Stock market forecasting is not an “exact science” (as if something of the sort existed outside of the science of logic). That said, the intuition of the logician with 23 years of market experience screams: “This was the bottom!” Let’s see what may be behind this intuition.
First, as far as I can see, everyone is panicking. “Panic” contains “Pan”, the name of the ancient Greek god of the woods who instilled fear in people for no good reason. Or rather, for an entirely “general” (“pan-“), undefined and therefore non-reason (it is always a good idea to consider the etymology of a given term of interest, because often this etymology does convey exactly the logic you would expect it to convey, given its own etymo-log-y; the “etymo” part outright means “true sense” in ancient Greek). If everyone around you is panicking and no longer looking at things in a relaxed and rational way, this is the time to buy stocks (or to sell, for that matter, in the case of a buying panic). When logical thinking stops, illogic ensues, evaluation errs, and mispricing occurs, namely in the direction of the emotion that defines the respective panic. Logic dictates that in a panic it must be profitable to take a position in the opposite direction. – Why we ourselves could not be more relaxed with regard to COVID-19 as regards our personal health, we have explained in some detail in our article “The logic of surviving the Coronavirus pandemic”, in which we draw the logical conclusions from the most recent scientific evidence as to what everyone can do to effectively protect himself against the infection with fairly simple means (we strongly recommend you read it, including the updates at the bottom of the article regarding the studies from Hong Kong and China). There is more in the works here at loico with regard to how the COVID-19 emergency can be mastered more effectively from a medical point of view, so stay tuned.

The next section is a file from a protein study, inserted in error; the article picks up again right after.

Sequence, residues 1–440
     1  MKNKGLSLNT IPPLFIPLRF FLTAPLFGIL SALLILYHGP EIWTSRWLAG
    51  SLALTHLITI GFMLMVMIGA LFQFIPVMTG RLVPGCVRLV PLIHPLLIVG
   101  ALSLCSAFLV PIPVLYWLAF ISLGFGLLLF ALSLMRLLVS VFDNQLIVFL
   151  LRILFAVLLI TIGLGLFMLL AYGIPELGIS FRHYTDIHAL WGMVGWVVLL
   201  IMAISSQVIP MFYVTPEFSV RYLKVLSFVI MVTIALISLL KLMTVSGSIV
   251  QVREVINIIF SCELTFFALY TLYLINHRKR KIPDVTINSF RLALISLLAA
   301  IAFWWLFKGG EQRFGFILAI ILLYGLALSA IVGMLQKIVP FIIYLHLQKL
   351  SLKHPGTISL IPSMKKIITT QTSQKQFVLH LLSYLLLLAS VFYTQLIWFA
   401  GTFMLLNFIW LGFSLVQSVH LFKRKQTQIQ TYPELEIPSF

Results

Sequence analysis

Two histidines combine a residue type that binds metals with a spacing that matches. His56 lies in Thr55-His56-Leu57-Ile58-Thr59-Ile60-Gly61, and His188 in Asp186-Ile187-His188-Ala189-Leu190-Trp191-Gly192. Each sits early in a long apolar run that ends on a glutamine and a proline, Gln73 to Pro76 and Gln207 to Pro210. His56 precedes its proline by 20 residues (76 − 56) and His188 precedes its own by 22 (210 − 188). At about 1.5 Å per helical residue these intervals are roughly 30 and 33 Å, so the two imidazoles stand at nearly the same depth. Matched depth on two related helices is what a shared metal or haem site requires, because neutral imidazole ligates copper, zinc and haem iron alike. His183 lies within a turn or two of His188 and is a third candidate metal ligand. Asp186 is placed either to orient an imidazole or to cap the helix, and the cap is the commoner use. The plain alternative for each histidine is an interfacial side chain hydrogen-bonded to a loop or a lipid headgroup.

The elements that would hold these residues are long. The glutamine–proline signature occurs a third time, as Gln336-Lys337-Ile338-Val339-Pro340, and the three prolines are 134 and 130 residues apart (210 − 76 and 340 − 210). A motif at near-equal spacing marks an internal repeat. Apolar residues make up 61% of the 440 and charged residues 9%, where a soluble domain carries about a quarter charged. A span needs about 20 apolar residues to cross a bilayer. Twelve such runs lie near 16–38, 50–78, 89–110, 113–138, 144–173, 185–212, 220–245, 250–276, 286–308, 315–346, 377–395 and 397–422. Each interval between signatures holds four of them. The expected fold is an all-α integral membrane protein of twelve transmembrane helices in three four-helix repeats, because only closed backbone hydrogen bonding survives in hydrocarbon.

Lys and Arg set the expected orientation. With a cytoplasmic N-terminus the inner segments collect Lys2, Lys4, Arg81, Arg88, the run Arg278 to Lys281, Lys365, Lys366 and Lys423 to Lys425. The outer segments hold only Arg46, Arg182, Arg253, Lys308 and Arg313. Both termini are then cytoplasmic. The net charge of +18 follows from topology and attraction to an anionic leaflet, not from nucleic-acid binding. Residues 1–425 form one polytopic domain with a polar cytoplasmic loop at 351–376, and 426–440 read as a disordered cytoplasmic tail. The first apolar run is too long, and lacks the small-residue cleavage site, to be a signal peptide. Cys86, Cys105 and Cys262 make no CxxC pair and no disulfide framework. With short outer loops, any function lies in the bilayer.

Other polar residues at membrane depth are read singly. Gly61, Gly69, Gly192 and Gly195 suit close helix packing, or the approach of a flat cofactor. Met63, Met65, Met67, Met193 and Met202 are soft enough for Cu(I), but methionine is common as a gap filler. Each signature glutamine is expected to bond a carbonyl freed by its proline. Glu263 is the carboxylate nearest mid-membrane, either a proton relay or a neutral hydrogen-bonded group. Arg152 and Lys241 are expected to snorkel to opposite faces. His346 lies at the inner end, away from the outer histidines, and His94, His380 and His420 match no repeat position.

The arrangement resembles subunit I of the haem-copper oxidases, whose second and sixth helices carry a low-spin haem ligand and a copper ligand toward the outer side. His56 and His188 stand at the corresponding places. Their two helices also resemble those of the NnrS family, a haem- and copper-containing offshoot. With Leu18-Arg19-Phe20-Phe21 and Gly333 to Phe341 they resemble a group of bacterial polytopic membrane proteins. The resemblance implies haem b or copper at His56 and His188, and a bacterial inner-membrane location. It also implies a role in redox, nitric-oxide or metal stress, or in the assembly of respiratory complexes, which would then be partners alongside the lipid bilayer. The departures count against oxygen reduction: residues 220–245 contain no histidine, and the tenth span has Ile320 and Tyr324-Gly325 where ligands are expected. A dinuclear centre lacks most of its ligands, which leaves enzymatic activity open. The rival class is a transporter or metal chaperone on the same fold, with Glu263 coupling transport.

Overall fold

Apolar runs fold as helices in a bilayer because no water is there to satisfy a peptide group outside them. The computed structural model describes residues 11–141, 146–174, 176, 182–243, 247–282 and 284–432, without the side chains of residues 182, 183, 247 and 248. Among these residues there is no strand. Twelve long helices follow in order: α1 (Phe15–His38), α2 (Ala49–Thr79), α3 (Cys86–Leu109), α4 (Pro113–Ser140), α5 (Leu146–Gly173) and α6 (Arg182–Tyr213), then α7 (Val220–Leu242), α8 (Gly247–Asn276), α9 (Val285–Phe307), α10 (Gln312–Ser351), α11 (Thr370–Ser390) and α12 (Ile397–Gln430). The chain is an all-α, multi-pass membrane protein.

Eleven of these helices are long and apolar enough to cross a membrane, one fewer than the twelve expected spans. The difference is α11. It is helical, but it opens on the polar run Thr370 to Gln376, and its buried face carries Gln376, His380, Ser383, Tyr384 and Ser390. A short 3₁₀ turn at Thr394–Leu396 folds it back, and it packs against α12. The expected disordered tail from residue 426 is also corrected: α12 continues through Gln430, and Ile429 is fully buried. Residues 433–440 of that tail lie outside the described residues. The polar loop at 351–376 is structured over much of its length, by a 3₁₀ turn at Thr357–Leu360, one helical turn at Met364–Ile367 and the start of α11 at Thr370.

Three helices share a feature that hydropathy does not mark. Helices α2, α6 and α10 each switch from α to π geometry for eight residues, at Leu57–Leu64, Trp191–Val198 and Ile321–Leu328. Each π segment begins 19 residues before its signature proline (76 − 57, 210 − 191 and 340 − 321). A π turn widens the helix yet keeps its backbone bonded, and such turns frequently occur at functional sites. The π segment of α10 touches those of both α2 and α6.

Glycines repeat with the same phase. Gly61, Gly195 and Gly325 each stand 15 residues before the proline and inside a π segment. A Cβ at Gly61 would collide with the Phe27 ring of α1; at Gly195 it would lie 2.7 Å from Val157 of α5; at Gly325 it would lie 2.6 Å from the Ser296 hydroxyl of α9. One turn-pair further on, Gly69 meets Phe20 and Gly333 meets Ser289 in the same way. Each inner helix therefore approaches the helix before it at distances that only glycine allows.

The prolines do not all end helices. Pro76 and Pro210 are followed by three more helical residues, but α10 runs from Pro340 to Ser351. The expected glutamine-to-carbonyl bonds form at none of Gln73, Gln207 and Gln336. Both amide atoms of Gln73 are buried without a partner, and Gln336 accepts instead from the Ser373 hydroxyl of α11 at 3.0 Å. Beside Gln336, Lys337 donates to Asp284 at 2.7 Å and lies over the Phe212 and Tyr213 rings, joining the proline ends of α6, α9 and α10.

Second, as panic can last longer than for just a short period of time, meaning you can be too early if you rely on its mere presence alone, consider that the S&P 500 just crashed into the 38,2 % Fibonacci retracement of its decade-long ascent that I predicted on February 4, 2009, a month ahead of the actual turning point in the market (Frankfurter Allgemeine Zeitung, search your Email archive, you did not publish my article to the effect that I offered you then, but maybe compliance rules bring it about that you still have it). So we have not just tepidly touched the retracement level, we are in the process of crash-testing it. We will delve into the logic of the Fibonacci number row another time, but it is essentially a quantitative form of qualitative logic. – Buying panic, just to mention it, had continued to lift the S&P 500 up, to exactly the price target of 3390 points that could be derived from technical analysis (it hit 3393), all the while the Coronavirus crisis was at least to be feared to be developing. The significant market correction after reaching a clearly longer-term price target, the fact that it occurred at all, had exactly nothing to do with COVID-19 whatsoever. The velocity of the correction, of course, does.
Third, evidence shows, and every experienced trader knows, that the market could not care less about economic data, or any data, for that matter, that is a function of something which “has been” or “is”. The market cares about one thing only: the future. Which is only logical: The market exists to price future cash flows; those cash flows depend on the actions taken by human beings; and those actions initiate in human minds. The market is all about what people think will happen and what they intend – and feel confident – to do in the future, not about what they have done or are currently doing.